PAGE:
“Paytm was always a product and tech-led company, but over the last year or so the speed of product development had definitely slowed,” said an industry executive who has tracked Paytm closely.

Paytm was one of the first players to double down on QR code-led merchant acquisition. It also launched soundbox back in 2020, which was meant to make confirmation of payment easier for small merchants.

But after going public and many rounds of issues with the RBI, Paytm had to slow down, prioritise processes over quick hacks.

“The leadership realised that with the banking licence and with public investors, you cannot adopt a breakthrough strategy; one needs to innovate strictly within the compliance boundaries,” the executive said.

All the people spoke on the condition of anonymity.

Also read | Two independent directors quit Paytm Payments Bank board

Changing internal systems

For years, Sharma ran Paytm with executives who were engineers and technology professionals. But around 2019-2020, a churn happened at Paytm and a lot of senior industry professionals came in at crucial roles.

“The idea then was to start thinking like a financial services company and not as a fintech startup,” said one of the people quoted above.

Another person quoted earlier said that every update, every change now requires a sign off from the compliance team. Some of them attend product meetings regularly these days, he said.

He added that it was not like getting a tick from the compliance team just before the product was launched; they would be involved in the entire process from the start.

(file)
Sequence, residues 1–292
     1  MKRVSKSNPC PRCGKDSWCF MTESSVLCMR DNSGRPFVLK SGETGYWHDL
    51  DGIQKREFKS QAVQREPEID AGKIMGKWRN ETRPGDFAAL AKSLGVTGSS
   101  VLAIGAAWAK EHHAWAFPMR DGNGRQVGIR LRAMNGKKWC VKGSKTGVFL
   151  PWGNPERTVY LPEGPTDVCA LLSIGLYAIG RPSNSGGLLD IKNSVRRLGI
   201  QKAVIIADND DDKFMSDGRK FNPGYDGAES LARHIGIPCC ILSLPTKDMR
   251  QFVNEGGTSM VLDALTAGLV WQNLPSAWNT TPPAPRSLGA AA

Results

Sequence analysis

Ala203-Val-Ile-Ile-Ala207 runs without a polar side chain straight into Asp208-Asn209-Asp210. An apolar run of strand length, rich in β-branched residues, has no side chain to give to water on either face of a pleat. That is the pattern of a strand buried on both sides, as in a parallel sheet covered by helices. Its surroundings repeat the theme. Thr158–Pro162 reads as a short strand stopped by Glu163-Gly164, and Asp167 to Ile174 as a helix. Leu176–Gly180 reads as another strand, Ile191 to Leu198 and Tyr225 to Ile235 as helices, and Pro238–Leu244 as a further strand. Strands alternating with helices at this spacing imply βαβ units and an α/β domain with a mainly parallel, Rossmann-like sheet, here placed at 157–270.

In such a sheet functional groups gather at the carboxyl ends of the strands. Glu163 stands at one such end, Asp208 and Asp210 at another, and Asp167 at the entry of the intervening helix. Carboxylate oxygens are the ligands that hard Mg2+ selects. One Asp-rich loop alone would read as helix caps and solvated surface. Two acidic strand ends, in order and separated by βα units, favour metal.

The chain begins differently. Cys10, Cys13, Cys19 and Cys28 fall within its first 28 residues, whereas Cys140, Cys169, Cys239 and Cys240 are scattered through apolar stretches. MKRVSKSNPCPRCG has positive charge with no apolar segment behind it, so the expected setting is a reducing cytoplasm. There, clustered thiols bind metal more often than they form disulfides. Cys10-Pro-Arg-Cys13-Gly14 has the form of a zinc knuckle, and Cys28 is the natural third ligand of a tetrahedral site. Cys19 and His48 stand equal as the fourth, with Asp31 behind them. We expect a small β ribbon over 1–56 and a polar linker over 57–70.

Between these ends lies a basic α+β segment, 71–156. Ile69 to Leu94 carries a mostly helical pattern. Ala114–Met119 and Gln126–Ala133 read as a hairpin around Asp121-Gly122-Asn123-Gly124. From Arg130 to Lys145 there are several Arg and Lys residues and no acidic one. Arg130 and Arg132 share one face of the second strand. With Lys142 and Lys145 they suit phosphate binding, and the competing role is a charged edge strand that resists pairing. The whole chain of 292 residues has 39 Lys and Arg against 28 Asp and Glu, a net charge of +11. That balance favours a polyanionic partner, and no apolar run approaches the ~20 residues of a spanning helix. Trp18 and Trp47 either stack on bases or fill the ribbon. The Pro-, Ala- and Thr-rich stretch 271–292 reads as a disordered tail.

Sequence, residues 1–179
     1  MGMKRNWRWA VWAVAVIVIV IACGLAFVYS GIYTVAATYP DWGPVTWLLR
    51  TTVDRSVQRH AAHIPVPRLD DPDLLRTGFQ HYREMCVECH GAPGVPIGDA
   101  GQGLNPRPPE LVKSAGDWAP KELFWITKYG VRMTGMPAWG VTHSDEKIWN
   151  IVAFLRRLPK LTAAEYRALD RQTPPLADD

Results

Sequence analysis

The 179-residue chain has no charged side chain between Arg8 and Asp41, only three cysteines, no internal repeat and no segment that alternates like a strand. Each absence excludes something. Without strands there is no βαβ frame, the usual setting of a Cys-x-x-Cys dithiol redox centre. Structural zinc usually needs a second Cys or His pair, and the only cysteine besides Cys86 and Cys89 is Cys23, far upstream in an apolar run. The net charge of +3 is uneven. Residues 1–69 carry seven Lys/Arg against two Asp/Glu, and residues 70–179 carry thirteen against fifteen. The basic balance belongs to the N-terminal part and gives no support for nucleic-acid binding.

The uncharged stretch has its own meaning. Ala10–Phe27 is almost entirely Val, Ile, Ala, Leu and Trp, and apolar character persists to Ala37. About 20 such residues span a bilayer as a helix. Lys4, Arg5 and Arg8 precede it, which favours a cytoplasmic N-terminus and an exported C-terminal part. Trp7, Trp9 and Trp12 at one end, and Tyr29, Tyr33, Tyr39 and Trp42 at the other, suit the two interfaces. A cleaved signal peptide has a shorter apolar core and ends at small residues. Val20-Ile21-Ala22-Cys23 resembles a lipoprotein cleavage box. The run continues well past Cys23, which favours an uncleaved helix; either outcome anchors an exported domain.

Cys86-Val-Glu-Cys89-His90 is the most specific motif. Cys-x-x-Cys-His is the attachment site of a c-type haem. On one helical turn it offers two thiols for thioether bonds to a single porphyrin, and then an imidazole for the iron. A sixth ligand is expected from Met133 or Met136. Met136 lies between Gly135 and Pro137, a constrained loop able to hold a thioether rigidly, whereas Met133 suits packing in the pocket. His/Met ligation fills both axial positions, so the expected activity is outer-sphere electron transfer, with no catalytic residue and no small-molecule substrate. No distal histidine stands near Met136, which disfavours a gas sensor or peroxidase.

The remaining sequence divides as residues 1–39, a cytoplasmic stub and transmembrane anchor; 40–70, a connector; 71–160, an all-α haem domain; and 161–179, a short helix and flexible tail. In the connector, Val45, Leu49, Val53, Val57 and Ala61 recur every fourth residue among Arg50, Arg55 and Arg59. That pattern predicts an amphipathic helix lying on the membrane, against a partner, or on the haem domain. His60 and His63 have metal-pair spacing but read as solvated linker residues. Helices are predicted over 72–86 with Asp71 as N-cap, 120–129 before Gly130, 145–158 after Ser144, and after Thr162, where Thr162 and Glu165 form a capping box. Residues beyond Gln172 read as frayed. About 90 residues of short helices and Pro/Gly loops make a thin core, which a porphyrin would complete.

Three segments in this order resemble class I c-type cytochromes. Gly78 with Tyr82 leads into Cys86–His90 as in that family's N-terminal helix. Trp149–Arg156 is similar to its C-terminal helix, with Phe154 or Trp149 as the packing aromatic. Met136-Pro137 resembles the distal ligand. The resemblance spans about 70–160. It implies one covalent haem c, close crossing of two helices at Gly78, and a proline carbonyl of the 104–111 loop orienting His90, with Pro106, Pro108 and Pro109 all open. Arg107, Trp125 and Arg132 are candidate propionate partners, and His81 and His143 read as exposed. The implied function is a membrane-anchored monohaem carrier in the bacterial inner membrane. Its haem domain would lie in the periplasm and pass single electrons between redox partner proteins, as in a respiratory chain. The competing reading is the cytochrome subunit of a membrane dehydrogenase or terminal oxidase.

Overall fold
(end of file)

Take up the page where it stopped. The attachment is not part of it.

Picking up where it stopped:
“This might have slowed down processes, but the thinking was it is good for the long run,” he said.

The Paytm spokesperson said the company has always prioritised compliance and adherence to processes to launch innovative products and that it took products to the market only after ensuring every new offering is in full compliance with regulatory standards.

Some people believe that Bhavesh Gupta, the current chief operating officer at Paytm, played an important role in making the company focus on compliance. Gupta, a career banker, knew regulatory restrictions and was focused on ensuring the embargo was lifted. But these people also felt that perhaps Paytm should have strengthened its internal processes much earlier.

Also read | Paytm’s Vijay Shekhar Sharma discussed exiting board, removing Paytm from bank name

A phase of rediscovery

Paytm is now at a juncture where it might need to don its innovation hat again.

“The focus is now to build partnerships aggressively and scale up the business through strategic alliances; it has worked well in lending and should work in other areas too,” said the person cited first in the story.

Through strong partnerships, Paytm can rely on others for banking support while it can focus on building innovative user interfaces. Like one of the persons added that Paytm might need to double down on brand building, but eventually it will have all the products like any of its competitors.

Roy Walsh